TV EverywhereJust over 8 in 10 U.S. households (83 percent) subscribe to some form of pay-TV service, according to new market data from Leichtman Research Group (LRG). That’s down from 87 percent in 2010, but sill above 2005’s 81 percent, LRG highlights in a press release. Housing dynamics are contributing to cord cutting growth, with movers who do not subscribe to pay-TV increasing by 75% between 2010 and 2015., according to LRG research findings.

The total number of U.S. subscribers to pay-TV services as of end-2Q is similar to that of end-2Q 2010, but occupied housing has increased more than 4.5 million units, according to the U.S. Census Bureau. Taken together, nationwide pay-TV penetration decreased from five years ago.

Seventeen percent of U.S. households who don’t subscribe to a pay-TV service did pay for one in the past year. About 70 percent of current non pay-tv subscribers paid for a pay-TV service three or more years ago, or they never subscribed at all.

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Other key findings from LRG’s Cable, DBS & Telcos: Competing for Customers 2015  include:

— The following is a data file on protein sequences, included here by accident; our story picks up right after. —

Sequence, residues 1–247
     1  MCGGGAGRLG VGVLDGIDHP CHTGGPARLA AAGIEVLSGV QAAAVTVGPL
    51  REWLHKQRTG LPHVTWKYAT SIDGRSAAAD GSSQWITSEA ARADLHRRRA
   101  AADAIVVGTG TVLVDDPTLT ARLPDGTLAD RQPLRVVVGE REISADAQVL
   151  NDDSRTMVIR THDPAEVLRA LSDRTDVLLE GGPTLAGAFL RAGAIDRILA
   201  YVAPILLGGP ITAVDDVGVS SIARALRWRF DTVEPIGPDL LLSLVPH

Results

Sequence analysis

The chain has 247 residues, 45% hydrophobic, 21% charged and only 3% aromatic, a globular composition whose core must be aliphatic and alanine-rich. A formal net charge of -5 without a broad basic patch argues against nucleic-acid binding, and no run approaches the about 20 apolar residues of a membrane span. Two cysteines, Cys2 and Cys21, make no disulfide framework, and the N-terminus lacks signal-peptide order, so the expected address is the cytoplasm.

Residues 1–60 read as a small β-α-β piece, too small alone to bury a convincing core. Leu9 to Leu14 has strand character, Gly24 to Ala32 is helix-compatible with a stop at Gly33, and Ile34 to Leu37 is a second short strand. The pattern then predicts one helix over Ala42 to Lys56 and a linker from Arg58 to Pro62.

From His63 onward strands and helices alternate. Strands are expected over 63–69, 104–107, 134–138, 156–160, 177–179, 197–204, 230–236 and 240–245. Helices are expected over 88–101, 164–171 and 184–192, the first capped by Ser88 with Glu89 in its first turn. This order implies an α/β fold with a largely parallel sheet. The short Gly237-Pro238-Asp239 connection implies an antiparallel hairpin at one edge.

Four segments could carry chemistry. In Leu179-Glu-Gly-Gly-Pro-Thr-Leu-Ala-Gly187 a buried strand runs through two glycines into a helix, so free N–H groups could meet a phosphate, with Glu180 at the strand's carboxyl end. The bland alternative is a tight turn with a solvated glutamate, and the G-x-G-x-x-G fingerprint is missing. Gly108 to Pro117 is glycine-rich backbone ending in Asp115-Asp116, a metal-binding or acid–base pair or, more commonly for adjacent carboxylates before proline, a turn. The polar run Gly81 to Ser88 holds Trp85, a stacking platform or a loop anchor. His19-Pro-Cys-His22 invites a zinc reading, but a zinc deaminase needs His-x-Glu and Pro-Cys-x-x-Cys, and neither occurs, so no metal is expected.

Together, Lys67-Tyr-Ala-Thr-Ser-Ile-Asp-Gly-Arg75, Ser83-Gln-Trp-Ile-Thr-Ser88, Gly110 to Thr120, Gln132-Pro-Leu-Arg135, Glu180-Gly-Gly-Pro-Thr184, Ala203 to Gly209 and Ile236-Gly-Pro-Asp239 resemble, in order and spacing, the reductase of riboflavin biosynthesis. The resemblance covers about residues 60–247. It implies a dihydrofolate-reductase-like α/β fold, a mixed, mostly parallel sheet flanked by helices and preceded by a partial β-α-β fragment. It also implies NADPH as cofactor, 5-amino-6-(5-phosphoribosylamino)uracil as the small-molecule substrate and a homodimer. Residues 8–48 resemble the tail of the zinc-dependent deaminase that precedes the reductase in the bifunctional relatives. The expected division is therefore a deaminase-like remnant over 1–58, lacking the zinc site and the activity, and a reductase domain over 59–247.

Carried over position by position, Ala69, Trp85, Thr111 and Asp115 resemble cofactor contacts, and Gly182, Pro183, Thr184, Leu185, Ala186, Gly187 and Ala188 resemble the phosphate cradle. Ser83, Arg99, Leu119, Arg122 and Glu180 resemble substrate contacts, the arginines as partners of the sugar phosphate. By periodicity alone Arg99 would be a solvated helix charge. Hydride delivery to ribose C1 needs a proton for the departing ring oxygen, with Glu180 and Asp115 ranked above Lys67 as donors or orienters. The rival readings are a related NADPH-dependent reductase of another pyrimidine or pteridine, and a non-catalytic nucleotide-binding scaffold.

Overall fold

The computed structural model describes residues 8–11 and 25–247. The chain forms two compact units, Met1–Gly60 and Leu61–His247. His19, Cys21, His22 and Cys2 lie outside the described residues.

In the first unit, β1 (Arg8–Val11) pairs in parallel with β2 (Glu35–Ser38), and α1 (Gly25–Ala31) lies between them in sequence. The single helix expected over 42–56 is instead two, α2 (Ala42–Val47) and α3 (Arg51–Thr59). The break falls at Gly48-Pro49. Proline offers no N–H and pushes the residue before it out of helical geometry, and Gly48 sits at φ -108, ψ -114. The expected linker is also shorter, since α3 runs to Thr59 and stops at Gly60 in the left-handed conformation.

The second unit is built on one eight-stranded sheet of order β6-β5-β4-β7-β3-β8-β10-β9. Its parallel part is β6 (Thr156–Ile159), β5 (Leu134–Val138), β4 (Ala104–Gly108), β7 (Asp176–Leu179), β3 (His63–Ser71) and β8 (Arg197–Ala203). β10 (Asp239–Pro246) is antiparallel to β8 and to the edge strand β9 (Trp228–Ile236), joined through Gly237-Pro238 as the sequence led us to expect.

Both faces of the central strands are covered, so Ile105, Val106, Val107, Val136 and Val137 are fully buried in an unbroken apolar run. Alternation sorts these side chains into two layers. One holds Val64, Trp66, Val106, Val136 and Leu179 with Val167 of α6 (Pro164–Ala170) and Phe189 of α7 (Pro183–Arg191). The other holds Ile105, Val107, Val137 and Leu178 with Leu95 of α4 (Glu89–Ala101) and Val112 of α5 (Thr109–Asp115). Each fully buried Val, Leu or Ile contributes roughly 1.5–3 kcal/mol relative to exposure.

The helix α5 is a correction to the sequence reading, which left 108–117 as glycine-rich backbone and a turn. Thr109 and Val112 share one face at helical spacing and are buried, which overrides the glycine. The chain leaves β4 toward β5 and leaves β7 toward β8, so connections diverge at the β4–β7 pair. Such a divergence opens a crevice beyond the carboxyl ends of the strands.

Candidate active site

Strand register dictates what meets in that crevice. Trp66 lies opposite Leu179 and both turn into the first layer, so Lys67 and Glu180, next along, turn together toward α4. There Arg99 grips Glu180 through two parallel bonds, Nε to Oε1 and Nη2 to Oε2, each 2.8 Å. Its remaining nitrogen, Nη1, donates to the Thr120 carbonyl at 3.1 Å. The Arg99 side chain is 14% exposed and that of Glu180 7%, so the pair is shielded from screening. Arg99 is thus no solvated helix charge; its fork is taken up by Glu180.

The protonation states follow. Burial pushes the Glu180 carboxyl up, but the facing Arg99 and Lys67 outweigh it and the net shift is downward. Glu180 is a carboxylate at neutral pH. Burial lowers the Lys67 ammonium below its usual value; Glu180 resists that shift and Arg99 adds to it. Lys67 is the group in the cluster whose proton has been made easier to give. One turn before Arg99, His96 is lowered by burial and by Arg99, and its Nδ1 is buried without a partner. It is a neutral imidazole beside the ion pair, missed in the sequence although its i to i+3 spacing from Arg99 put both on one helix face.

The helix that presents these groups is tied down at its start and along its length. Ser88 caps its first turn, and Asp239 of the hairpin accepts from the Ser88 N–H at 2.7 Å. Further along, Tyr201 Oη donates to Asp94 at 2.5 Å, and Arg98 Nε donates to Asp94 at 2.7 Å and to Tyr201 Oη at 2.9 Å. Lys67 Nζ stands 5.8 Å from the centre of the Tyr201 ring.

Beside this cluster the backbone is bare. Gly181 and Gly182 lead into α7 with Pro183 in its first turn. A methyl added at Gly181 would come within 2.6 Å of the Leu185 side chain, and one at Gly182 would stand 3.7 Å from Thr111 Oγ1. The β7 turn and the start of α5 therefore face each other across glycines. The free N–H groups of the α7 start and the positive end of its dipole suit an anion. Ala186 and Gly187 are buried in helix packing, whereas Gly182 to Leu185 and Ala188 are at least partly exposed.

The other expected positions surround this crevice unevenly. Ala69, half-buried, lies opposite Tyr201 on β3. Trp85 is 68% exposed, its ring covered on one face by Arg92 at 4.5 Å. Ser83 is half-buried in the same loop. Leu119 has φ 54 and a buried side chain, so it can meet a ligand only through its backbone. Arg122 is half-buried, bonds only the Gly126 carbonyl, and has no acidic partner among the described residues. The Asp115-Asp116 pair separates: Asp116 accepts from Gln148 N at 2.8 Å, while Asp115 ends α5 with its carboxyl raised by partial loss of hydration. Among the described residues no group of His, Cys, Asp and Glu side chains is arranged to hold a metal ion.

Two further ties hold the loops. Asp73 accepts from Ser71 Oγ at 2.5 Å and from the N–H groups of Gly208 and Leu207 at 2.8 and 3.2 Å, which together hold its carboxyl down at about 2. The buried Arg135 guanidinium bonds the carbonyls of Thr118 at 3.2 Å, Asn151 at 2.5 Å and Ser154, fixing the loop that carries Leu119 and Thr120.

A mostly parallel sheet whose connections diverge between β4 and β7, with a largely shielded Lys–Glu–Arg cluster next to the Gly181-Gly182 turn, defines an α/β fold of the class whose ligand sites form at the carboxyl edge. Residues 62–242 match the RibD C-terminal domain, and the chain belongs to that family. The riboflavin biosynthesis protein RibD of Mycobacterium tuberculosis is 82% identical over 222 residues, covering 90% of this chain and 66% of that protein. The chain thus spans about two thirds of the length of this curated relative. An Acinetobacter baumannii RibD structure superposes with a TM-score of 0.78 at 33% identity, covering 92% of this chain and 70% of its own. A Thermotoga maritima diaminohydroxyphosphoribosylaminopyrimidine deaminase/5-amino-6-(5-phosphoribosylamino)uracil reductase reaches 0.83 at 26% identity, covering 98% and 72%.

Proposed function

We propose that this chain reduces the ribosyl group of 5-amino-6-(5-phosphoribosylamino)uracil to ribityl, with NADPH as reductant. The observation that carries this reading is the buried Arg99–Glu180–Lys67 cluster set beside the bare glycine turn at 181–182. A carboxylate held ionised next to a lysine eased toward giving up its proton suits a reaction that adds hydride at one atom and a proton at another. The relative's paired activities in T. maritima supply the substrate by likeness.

• In households using a TV, 12% of home owners do not subscribe to a pay-TV service — compared to 23% of renters (renters are more likely to be non-subscribers than in any year since 2006)
  • 21% of those who moved in the past year do not currently subscribe to a pay-TV service — compared to 12% in 2010
  • 35% using one TV set at home are non-subscribers — compared 10% using two or more TVs
  • Mean reported monthly spending on pay-TV service is $99.10 — an increase of 39% since 2010
  • 63% of non-subscribers get a subscription video on-Demand (SVOD) service, and 62% have an over-the-air (OTA) TV antenna
  • In total, 5% of all households are pay-TV non-subscribers with both an SVOD service and an OTA antenna — while 4% of all households are pay-TV non-subscribers with SVOD but no OTA antenna.

“Changes in the dynamics of the pay-TV industry are not driven just by those exiting the category, but also those coming into the category,” LRG president and principal analyst Bruce Leichtman was quoted as saying.

“Historically, consumers have gone in and out of the pay-TV category, primarily for economic reasons. While the rate of those leaving is actually similar to a decade ago, those who are entering or reentering the market has decreased over time, and the industry is not keeping pace with rental housing growth.”

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